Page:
Neon Wilderness, a bar coming to Wicker Park, bills itself (in this Eater piece) as inspired by Nelson Algren, the midcentury writer who lived in and wrote about the hood in its gritty, mostly Polish days (including in a book of short stories of that name). To which Bill Savage replies in the Reader, “This Algren scholar could only groan at the thought of an ‘Algren-inspired’ bar… the title of Algren’s 1947 collection of short stories (written between the early 30s and the mid-40s) has become a watered-down cliche, evoking on-the-edge-but-not-really-dangerous nightlife, where the beer lights reflect off the sidewalk puddles, the down-on-their-luck barflies are all colorful raconteurs, and any stray sex workers of course have 24-carat hearts. Finish your day job in the Loop’s concrete jungle, then head out to the neon wilderness for a drink.”


A nice profile of Thai and Danielle Dang after Hai Sous has been open a year—and in the wake of the discovery of all the criminality their old partner Attila Gyulai was up to at Embeya: “We got screwed and we are continuously having to deal with that. It’s going to be a long time before we really get ourselves out of it. That’s all terrible, but something great came out of it. Now I know that the point of this is different. The point of this is to create a positive culture. The point of this is to inspire our staff to love their jobs, to push themselves, and for us to be fair. It’s not about being millionaires and opening multiple restaurants. We’re not trying to be grand restaurateurs. We’re trying to do the right thing.” (NewCity)


One thing I find it really hard to keep a handle on is what food trucks are active and worthwhile these days; this Time Out listicle is at least a start on the lay of that land and seems up to date (though didn’t Beavers Doughnuts just change its name?)


I often wonder if there’s a great taco blogger out there writing in Spanish in Chicago, making amazing discoveries that go unknown to Anglophone foodies. Anyway, that came to mind when I saw this Chicago mag piece on Black People Eats, an Instagram account devoted to African-American restaurants around the city, covering places that never get noticed on the north side.


I’m a little late on this one but David Tamarkin’s tribute to the big gay tent of Michelle Fire’s Big Chicks in Uptown, “I Think We Have a Gay Bar,” is terrific. My wife served with Fire on our elementary school’s board and she is, in every way, the real deal.


If people paid attention to northwest side burgers as much as they do downtown ones, BRGRBelly would be as famous as Au Cheval. Anyway, I’m impressed by this Facebook note, in which they admit that a Mexican concept they tried (in the Beefbelly space) wasn’t very good, and they’re trying again.


You hear stuff is happening in Detroit, like it was happening in Chicago in the 1980s when rent was cheap, but you don’t know where to start. Samantha Klein Lande tells you all about it at Food Network.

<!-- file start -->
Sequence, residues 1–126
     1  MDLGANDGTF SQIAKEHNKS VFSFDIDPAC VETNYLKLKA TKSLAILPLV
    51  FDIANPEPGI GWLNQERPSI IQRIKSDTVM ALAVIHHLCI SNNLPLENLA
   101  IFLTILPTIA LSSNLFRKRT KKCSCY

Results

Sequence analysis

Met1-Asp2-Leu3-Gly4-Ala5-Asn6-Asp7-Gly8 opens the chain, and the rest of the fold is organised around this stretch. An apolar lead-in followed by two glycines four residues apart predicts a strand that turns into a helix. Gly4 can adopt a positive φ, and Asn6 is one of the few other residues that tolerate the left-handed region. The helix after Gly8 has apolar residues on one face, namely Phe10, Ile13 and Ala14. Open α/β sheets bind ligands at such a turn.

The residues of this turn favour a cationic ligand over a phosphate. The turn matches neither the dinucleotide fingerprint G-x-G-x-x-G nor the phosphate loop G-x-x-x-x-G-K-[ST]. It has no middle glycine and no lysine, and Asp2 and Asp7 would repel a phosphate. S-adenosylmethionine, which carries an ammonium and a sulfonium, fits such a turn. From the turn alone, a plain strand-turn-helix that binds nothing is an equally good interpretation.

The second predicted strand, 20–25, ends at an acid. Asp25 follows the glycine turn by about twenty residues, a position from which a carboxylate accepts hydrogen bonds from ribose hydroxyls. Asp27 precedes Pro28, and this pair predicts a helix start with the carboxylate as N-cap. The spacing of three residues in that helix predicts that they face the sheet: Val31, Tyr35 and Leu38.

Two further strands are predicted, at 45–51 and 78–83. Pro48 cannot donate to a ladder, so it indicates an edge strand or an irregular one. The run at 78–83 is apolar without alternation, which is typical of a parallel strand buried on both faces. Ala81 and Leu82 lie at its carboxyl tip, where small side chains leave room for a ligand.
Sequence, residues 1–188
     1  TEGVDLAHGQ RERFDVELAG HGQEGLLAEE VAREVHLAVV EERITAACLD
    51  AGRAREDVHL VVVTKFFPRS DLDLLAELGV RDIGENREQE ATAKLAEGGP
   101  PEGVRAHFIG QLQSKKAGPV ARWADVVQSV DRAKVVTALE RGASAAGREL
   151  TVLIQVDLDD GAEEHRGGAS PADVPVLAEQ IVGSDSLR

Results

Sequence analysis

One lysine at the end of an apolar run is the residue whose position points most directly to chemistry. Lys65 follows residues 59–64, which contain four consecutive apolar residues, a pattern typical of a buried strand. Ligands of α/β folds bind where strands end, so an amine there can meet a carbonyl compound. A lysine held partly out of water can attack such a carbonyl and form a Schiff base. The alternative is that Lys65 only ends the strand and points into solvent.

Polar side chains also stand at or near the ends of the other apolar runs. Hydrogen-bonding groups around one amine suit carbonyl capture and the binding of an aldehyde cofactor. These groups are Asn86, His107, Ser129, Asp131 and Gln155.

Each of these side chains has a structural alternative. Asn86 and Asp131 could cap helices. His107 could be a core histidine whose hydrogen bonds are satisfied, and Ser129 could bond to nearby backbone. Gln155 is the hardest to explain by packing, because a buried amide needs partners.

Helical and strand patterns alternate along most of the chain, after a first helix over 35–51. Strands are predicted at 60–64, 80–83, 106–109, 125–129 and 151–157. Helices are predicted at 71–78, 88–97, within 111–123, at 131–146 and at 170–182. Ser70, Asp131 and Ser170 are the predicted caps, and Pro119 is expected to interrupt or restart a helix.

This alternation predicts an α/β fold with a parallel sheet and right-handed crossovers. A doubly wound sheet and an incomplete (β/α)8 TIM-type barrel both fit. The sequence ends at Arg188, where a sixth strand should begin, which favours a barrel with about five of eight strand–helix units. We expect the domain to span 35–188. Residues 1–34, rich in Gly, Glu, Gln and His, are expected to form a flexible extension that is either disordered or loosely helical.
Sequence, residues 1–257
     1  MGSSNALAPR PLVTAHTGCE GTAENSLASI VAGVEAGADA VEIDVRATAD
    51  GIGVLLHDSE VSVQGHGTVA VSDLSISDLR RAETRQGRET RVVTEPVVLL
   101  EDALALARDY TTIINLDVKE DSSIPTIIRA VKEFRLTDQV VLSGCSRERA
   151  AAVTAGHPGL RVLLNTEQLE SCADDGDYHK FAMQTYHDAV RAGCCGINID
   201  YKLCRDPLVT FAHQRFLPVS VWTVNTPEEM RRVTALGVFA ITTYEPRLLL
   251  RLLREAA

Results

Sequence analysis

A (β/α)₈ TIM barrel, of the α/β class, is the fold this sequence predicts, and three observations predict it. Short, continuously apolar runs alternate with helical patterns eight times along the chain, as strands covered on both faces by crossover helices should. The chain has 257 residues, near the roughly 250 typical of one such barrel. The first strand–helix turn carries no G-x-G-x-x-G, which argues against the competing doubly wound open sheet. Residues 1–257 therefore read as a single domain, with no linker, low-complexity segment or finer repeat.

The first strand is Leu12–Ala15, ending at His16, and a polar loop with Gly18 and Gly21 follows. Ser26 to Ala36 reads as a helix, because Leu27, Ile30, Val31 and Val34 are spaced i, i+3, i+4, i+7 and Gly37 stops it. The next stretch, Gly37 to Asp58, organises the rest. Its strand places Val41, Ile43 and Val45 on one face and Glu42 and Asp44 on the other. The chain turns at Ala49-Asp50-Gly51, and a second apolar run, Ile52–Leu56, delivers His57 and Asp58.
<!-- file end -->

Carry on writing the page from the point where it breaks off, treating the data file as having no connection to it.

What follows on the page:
Michael Ferro strikes again; that sketchy McCormick family deal (do they still have that much money? guess not) fell through, leaving Ferro as majority stockholder in Tronc as it sheds the L.A. Times to Patrick Soon-Shiong (who had tart comments about the silliness of “Tronc” as a name). Meanwhile another of his victims, the Reader, has been sold by the Sun-Times to Chicago Crusader. Who? The Crusader is a weekly black-owned publication in Chicago and Northwest Indiana, but little known until now in white, downtown media circles. A more racially mixed Reader would be interesting as heck, especially after the controversy over short-time editor Mark Konkol’s one and only cover story, but it’s hard to say if this will be a new day for the Reader or a way of easing it into retirement in all but name.


Geeky movie reference: I went to an old movie festival once and saw some silent films, and some were pretty good or had interesting sidelights on culture or whatever. And then an early film by John Ford came on—and from the instant it started you knew you were in the hands of a master.

That’s how I felt about Pacific Standard Time. It’s no secret that Erling Wu-Bower with Paul Kahan somewhere in the background is a recipe for a top restaurant, but this was a step beyond his stints at Nico or Avec—flavors distilled to the simplicity of their essence, ingredients popping with everything they could be. Wu-Bower came out and mocked his own approach—”I put great strawberries with great cheese, wow, I’m a great chef”—but Mark Mendez used to say the same thing, and the value of not… screwing… good things up before you do anything else to them is the most underrated quality in chefs.

And there’s plenty of subtle ingenuity in sharpening those flavors (and often giving them a touch of heat) that follows. The menu will change seasonally soon enough, but for now, the snapper aguachile, “Harry’s Berries” (strawberries from California), burrata with sungolds, ham and poblano pizza, pita with aji tuna and green chickpea hummus, and the gorgeous, lush black cod are all top dishes.

Without really planning it I had two Korean meals at new spots. One, Mocozzy, an LTHForum find recently reviewed by Mike Sula, is a charming mom and pop doing classics like dolsot with a good crispy crust; their pajeon, seafood pancake, is the best I’ve had in town.

The other was Passerotto, Jennifer Kim’s Korean-flavored, Italian-inspired new restaurant. There were five of us and we ate almost everything—and we’d have eaten more than one of a couple of them if we could (we did get a second order of the ddukbokki with their gorgeous lamb ragu, the best example of what Kim’s Korean-Italian fusion means in practice).

Other highlights included the scallop (described by Nagrant above) and Honam lamb tartares, and her take on hwe dup bap (similar to poké). We tried both of the big platters (soondubu, a seafood stew, and shortrib kalbi) and they were nice—we’d have loved more of the kimchi on the side of the latter, made according to her grandmother’s recipe and with a subtle sweet heat that blazing staple usually lacks—but our table, at least, wished for more Korean funk on those dishes.